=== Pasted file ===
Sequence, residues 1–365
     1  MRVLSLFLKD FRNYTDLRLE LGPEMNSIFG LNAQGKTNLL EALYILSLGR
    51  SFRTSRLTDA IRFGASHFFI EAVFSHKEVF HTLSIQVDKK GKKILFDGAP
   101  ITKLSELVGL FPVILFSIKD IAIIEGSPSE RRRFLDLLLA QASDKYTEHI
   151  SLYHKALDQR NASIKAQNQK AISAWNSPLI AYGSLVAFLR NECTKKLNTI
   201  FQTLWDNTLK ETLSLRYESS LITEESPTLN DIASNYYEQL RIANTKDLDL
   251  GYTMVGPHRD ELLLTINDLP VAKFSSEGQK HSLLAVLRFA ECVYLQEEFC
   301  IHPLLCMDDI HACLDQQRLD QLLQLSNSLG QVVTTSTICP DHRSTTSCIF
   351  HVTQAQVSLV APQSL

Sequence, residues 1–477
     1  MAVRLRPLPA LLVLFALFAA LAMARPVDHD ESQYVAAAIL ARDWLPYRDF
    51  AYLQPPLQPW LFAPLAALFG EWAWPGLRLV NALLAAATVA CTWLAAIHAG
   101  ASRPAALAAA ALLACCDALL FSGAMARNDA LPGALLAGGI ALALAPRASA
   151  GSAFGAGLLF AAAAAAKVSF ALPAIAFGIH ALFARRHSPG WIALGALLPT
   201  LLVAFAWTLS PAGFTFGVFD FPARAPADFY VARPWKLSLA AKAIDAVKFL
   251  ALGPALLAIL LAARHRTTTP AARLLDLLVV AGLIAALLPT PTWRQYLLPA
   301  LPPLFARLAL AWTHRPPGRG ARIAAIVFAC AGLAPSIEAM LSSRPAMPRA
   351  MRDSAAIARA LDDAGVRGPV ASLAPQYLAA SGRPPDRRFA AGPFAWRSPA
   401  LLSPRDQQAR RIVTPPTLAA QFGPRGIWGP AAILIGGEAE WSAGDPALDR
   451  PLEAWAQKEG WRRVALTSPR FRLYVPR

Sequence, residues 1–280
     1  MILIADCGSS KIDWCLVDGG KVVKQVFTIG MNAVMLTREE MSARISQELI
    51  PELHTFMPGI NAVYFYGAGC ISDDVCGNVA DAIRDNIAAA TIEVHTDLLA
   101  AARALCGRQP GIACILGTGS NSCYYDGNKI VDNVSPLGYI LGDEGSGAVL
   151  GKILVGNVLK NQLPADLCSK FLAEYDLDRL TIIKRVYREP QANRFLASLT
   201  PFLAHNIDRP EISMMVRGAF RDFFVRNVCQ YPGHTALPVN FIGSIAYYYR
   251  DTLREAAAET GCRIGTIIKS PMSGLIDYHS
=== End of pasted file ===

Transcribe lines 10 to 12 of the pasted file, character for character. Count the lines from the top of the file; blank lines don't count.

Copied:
Sequence, residues 1–477
     1  MAVRLRPLPA LLVLFALFAA LAMARPVDHD ESQYVAAAIL ARDWLPYRDF
    51  AYLQPPLQPW LFAPLAALFG EWAWPGLRLV NALLAAATVA CTWLAAIHAG